This is why this year I agreed to become a director of an organisation called the Ecological Land Co-operative, which exists to overcome the two great barriers to land for those wishing to establish ecological businesses and smallholdings – soaring land prices and simple legal permission.
We are now on the brink of making our first area of land available, and my article in the latest edition of Permaculture Magazine (out now and highly recommended) explains how that has been done, as well as outlining the seven year journey to reach this point – with assistance from some of the leading experts on land reform – and our plans for the future. The photo at the top of this blog post shows that very piece of land; twenty-two acres in South-West England.
Crowdfunding and community financing have also allowed us to work on a pair of research reports. The first – Small Is Successful – examined existing land-based businesses of 10 acres or less and evidenced the economically viable and highly sustainable nature of the livelihoods they provide, without any need for the subsidies on which large farms so often rely. The Research Council UK showcased this as one of a hundred pieces of UK research ‘that will have a profound effect on our future’, and we have also presented our message at the House of Commons, to the All Party Parliamentary Group for Agroecology.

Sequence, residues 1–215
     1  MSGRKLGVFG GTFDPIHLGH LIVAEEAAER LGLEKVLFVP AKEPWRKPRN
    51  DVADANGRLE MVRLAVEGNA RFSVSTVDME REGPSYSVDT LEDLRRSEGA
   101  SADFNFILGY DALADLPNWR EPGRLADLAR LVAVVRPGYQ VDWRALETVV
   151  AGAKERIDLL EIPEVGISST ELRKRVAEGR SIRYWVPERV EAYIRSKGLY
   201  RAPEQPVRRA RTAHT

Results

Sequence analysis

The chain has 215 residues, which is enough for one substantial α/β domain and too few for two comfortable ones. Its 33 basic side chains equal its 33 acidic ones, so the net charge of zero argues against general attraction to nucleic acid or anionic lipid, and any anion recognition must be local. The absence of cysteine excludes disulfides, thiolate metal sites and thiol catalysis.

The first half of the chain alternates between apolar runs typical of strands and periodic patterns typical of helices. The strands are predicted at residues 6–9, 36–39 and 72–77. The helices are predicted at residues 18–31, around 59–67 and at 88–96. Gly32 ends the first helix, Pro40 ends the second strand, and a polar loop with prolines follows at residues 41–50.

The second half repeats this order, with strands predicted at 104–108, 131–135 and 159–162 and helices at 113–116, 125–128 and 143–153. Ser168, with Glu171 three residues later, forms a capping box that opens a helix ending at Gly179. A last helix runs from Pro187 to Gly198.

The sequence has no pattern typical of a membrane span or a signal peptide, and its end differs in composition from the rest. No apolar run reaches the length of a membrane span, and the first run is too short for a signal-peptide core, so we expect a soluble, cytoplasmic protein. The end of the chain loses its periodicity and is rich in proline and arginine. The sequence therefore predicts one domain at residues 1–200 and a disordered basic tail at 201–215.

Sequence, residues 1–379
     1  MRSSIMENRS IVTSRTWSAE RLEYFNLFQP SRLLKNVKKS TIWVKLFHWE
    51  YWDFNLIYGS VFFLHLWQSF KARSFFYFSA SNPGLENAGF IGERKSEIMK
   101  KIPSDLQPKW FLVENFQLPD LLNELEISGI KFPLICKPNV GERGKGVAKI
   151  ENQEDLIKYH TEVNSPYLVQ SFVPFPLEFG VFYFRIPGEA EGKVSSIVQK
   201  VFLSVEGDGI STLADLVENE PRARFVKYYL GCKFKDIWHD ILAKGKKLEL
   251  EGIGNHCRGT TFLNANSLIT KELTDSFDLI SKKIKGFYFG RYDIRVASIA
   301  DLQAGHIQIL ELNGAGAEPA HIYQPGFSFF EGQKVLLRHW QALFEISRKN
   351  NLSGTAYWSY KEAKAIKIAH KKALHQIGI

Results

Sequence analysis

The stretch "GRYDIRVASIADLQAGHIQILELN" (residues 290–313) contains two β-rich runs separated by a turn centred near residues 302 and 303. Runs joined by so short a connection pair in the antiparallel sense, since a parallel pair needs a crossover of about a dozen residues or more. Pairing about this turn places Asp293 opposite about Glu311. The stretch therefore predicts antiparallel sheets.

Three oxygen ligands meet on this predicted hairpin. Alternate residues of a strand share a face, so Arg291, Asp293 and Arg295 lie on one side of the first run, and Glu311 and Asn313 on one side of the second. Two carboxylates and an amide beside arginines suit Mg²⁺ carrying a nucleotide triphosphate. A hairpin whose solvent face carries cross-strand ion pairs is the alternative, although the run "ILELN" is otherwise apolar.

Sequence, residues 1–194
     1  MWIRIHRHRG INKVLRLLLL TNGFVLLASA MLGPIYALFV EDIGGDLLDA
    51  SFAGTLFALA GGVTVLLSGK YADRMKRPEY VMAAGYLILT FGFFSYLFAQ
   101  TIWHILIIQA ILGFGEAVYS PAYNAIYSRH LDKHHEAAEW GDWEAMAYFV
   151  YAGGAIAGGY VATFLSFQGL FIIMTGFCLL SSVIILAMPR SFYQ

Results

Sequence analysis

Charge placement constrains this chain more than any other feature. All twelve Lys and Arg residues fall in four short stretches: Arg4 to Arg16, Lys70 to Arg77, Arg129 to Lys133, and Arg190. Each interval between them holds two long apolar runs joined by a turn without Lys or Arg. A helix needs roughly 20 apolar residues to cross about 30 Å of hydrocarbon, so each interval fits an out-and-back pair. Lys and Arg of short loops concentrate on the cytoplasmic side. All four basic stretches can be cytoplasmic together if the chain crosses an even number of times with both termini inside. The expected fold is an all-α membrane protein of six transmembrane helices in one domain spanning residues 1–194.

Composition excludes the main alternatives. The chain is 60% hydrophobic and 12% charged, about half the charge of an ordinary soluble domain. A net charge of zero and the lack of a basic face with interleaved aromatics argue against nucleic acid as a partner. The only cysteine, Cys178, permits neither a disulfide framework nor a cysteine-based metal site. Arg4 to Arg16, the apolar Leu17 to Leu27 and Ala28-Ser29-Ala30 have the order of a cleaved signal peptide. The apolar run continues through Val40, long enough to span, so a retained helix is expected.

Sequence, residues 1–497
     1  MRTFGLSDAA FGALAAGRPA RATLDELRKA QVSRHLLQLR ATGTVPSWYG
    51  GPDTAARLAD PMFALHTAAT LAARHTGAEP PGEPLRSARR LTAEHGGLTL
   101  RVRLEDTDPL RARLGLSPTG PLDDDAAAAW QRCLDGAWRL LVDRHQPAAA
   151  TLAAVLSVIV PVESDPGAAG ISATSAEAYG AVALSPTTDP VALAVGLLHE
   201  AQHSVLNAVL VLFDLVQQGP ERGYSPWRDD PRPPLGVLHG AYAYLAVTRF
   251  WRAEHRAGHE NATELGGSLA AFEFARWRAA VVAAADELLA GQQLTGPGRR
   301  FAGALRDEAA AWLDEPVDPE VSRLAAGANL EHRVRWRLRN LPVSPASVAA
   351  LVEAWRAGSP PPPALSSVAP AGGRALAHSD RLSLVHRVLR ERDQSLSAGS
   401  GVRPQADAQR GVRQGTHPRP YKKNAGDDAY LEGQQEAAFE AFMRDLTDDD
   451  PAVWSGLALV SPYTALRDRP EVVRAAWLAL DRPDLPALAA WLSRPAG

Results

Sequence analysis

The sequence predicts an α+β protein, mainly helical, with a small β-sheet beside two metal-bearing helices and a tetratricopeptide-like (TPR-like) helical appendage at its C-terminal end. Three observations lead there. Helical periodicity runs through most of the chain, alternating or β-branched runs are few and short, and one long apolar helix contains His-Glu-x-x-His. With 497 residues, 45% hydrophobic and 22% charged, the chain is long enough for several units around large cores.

Our second research project has just begun; we are collaborating with others to produce a resource establishing both the current state of ecological farming in the UK – providing a single point of information on who is doing what and where, what acreages, to what markets, etc – and the current state of research into such agriculture.
I see this work as supporting and strengthening the wider movement to reclaim land from the ecologically destructive, market-driven mainstream of conventional land use. Or, if that sounds a little grand, perhaps I can borrow from one who speaks more plainly? In the words of a U.S. farmer quoted in Colin Tudge‘s So Shall We Reap:
“I just want to farm well. I don’t want to compete with anybody.”
In this world of frantic capitalism, there is a radical thought if ever I heard one.